The constellation therapist mentioned that in families with excluded members, individuals will sometimes enact behaviour that actually 'belongs' to the excluded person, supplying what they instinctively realize is missing. To my shock, it occurred to me that some of the depression, and some of the extremes, I have felt in my life, which have often seemed as though they weren't 'mine', but borrowed or imported, may have been an attempt to cripple myself, as an instinctive compensation for the way in which I think my mother and her family were themselves crippled by Antony's disability. In most ways I was a very bright over-achiever, but my 'highly-strung' personality meant that this intelligence was forever being compromised by wild outbursts.

My mother often commented on my being a show-off. I was very exuberant, and highly excitable, and did need help as a child to control my wild impulses. I also loved acting and drama from an early age, and was good at it. But being called a show-off was like being stabbed: it crushed me completely. I suspect that she was also called a show-off, and also learnt to crush her exuberance, and simply couldn't bear it in me.

I do the same to my own daughter. I try very hard not to crush her, but to teach her ways to keep or become calm. She appears super-resilient, but my great fear is that I might have done as well, while inside, my self-esteem was shrinking throughout my childhood and adolescence.

Throughout my life I have monitored social situations like a hawk, watching for the boundaries of permissible showing-off — this was why I loved academia so much while I was an undergraduate, because it was licensed showing-off: I was actively encouraged to display knowledge, argue back, produce insights, and make connections. I was also able, as an undergraduate, to combine academic work almost seamlessly with a huge amount of stage acting, so that the boundaries between thought and acting became porous.

I am still very frightened of being criticized and judged, and have gone to great lengths to avoid censure — again, part of becoming an academic was about controlling other people's reactions to me.

It is now May 2010, and I am still digesting the thoughts and feelings of what was undoubtedly an epiphany during that afternoon at the School of Life. I have since taken my own children to visit my uncle, who lives in a home in Norfolk. When I first told my daughter that she had a great-uncle, her granny's brother, but that he had always been disabled, the first thing she said was: "Oh, poor Granny P". I knew that she would be able to manage a visit to see him, and she was determined to meet him -- she wanted to meet this important member of her family. She and the Beast chose toys they thought he would like, and took them to show him. The Beast showed him how to play with a magnetic toy, and Beauty talked to him. He was delighted with the attention, and loved the game.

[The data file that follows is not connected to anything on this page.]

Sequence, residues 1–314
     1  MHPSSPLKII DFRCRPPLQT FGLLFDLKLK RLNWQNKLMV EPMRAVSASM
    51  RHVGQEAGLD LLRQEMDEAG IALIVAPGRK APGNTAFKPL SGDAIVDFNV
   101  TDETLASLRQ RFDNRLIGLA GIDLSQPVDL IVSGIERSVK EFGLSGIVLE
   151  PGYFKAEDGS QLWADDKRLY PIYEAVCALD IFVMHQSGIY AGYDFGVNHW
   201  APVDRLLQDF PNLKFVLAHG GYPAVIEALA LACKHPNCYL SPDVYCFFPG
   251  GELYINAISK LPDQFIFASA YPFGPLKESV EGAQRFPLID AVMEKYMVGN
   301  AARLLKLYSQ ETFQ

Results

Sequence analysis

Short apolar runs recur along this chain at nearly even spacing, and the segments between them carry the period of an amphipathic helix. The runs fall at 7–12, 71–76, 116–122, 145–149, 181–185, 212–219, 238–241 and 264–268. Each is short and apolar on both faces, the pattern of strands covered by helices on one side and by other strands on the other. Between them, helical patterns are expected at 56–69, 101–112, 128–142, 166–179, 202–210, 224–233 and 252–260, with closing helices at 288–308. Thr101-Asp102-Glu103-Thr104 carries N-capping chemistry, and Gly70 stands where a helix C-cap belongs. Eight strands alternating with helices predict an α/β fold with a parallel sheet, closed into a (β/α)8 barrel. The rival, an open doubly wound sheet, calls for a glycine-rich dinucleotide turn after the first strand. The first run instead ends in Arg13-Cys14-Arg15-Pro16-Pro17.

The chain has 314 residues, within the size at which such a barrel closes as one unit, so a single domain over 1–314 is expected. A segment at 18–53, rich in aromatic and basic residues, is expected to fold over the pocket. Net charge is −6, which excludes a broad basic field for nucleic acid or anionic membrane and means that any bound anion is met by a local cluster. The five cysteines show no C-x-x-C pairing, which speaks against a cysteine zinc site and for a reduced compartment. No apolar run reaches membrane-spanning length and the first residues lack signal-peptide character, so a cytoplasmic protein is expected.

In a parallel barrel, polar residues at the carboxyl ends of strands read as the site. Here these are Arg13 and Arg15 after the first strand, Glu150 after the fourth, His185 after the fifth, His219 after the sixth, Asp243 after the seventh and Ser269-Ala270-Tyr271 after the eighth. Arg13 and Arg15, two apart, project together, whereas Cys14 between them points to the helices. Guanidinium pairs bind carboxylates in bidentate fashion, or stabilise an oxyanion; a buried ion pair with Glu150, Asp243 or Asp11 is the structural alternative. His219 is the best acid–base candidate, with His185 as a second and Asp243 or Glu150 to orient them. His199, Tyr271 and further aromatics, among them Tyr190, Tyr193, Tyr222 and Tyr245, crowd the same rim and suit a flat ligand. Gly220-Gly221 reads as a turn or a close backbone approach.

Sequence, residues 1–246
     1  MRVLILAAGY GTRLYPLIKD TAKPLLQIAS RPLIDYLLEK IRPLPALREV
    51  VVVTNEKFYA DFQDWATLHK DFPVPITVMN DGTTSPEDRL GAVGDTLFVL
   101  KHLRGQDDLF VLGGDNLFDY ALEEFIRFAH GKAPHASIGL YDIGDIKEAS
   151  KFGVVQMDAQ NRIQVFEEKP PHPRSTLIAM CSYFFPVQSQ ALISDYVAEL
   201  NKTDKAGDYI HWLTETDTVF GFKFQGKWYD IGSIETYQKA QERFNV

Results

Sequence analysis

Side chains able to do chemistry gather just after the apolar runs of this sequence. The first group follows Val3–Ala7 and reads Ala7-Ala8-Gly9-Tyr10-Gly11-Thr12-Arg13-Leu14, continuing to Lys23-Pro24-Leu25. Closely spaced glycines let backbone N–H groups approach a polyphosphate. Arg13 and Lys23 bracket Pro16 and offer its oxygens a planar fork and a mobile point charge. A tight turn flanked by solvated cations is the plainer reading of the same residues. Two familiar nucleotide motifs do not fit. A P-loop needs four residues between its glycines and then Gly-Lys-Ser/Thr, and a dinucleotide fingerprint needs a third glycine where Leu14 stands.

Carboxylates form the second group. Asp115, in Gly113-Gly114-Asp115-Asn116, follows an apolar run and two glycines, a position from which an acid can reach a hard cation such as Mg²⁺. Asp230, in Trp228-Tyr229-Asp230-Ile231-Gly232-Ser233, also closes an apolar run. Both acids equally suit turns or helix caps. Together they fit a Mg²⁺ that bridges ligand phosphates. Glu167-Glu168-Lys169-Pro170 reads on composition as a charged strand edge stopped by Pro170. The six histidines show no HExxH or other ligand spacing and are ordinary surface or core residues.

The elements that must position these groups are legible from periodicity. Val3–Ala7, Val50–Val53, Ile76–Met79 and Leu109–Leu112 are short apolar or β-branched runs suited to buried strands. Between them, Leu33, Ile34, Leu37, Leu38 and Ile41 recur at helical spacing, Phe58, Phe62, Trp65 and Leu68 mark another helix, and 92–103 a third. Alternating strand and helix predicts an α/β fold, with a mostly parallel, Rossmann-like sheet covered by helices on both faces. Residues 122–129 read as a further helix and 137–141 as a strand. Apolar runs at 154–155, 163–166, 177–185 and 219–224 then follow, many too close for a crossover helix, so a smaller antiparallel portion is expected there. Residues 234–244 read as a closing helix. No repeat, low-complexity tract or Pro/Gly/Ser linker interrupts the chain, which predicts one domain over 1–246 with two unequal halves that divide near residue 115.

It is now possible for my mother and I to talk more evenly about him, and about the practical issues that may lie ahead for him as he and my mother age. Finally we are inching towards a normal view of something that has blighted my mother's whole life -- not the fact that her brother was crippled by his birth, but the feelings that were never taken into account or dealt with around him. My mother had to grow up overnight. She needed to look after her mother, who was absent from her, frail, depressed, withdrawn. She was expected to achieve very highly, because the son could not. She still cries because she remembers a moment when she was asked if she would like her wild and uncontrollable brother to 'go away', and she answered: "Yes, please". Poor Granny P. No wonder she could not bear my jealousy of my own brother. No wonder I exhibited it.